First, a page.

Fate uncertain for bill to end Sunday alcohol sales ban

January 7, 2015

A House committee chairman says he hasn't decided if he'll allow a hearing on a proposal to end Indiana's long-running ban on retail stores selling alcohol on Sunday — the last of its kind in the nation.

House Public Policy Chairman Tom Dermody, R-LaPorte, told the The Indianapolis Star that he probably won't decide for a few weeks if he'll allow a hearing on the bill filed Tuesday by Republican Rep. Sean Eberhart of Shelbyville. Dermody's committee must approve the measure before it can go to the House.

Indiana is the only state that still prohibits retail carryout sales of beer, wine and liquor on Sundays, Distilled Spirits Council of the United States spokesman Ben Jenkins said. Indiana residents can buy alcohol on Sundays at restaurants, bars, concerts and sporting events.

Eberhart said he's optimistic about the prospects of ending Indiana's ban this legislative session.

"We have a chairman that seems to be willing to look at the issue, we have a speaker that's willing to look at the issue and we have a public where a majority is in favor of the change," he said.

Similar efforts to legalize Sunday carryout sales in recent years have met stiff resistance from the liquor store lobby, which fears that doing so would increase costs without generating additional revenue. Past bills have not even received a committee vote.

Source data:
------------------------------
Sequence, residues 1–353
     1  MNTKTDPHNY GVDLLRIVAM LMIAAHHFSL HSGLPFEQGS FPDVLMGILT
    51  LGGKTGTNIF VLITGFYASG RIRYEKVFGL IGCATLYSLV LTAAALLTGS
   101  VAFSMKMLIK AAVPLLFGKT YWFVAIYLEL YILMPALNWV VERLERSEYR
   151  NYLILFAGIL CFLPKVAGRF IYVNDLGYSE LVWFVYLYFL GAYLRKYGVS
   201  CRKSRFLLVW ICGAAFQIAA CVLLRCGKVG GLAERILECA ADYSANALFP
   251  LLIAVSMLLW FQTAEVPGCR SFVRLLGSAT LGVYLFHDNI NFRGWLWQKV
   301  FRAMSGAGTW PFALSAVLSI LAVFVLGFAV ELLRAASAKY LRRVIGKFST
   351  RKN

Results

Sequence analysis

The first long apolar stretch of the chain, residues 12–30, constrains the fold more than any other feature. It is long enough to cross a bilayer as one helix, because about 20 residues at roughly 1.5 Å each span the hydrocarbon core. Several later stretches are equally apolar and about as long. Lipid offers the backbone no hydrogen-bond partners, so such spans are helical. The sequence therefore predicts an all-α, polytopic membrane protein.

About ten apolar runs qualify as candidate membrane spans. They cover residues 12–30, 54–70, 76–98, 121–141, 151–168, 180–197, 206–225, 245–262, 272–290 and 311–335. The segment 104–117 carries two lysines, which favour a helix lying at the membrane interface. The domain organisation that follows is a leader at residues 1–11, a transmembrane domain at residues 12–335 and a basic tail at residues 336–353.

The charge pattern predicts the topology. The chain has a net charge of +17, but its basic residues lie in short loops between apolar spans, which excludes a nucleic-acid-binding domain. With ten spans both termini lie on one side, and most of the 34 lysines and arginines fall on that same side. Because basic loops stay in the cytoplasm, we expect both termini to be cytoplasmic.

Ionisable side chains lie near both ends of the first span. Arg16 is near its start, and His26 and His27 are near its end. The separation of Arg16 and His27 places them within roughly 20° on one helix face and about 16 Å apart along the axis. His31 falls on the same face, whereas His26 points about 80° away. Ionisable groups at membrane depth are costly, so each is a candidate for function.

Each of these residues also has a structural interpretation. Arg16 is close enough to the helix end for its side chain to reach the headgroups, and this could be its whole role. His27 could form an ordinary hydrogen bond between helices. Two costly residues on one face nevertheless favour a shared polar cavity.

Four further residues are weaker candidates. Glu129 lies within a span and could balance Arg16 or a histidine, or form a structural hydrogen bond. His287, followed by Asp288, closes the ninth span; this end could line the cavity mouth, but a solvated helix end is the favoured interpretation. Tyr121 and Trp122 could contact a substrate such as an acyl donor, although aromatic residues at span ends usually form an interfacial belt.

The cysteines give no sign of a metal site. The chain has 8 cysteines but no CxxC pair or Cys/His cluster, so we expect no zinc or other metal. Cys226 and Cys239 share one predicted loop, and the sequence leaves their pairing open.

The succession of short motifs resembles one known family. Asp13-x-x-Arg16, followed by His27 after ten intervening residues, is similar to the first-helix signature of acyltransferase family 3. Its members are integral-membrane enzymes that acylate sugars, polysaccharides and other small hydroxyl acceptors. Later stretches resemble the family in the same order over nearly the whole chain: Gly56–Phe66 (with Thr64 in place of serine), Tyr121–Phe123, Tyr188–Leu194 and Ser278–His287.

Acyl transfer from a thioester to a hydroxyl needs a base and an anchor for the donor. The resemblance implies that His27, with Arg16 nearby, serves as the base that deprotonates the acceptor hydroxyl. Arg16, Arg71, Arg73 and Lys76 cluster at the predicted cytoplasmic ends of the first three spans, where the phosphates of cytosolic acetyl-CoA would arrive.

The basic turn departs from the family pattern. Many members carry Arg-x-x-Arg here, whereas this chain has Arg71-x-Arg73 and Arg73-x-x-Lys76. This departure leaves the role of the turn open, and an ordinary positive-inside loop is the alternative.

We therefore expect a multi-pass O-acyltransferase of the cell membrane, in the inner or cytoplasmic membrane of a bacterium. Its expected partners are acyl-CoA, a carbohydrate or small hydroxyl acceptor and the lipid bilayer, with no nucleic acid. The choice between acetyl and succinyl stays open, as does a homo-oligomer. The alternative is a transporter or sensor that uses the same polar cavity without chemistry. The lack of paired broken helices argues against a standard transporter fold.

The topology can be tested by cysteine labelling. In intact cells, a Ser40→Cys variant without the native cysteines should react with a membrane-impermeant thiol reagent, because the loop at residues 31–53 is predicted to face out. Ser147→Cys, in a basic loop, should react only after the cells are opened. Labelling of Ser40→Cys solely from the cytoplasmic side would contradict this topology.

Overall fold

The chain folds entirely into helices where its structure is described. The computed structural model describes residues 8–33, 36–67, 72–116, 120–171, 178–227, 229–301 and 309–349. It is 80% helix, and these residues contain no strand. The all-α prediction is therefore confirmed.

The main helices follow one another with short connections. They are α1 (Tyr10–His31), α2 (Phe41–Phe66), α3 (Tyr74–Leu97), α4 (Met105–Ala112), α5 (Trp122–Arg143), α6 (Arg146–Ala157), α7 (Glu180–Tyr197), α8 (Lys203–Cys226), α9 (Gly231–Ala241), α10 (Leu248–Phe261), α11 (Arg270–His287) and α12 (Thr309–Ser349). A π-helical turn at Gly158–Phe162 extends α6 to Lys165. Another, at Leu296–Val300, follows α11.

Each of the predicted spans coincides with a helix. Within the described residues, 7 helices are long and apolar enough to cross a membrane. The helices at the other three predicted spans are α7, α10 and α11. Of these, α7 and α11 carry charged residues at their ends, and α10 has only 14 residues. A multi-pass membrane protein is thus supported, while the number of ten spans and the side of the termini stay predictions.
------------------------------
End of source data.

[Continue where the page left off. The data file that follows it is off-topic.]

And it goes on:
But national grocery chains such as Kroger are leading what they hope will become a grass-roots effort to overturn the restriction. The Indiana Chamber of Commerce is supporting the push, saying it will be more convenient for consumers.

The Washington, D.C.-based Distilled Spirts Council conservatively estimates that lifting Indiana's ban would generate between $5.7 million and $8 million in new revenue each year, Jenkins said.

A review of the measure by Indiana Legislative Services Agency reached the opposite conclusion, finding Sunday sales would likely not have a significant impact on revenue from alcoholic beverage taxes or the sales tax. The agency reasoned consumers are already buying all the beer and liquor they want so Sunday sales would not spur new business but just shift sales that would have occurred on another day.

Since 2002, 16 states have repealed Sunday bans on alcohol sales, Jenkins said, a trend that has been driven by consumer convenience and efforts by policymakers to increase revenue without imposing new taxes.


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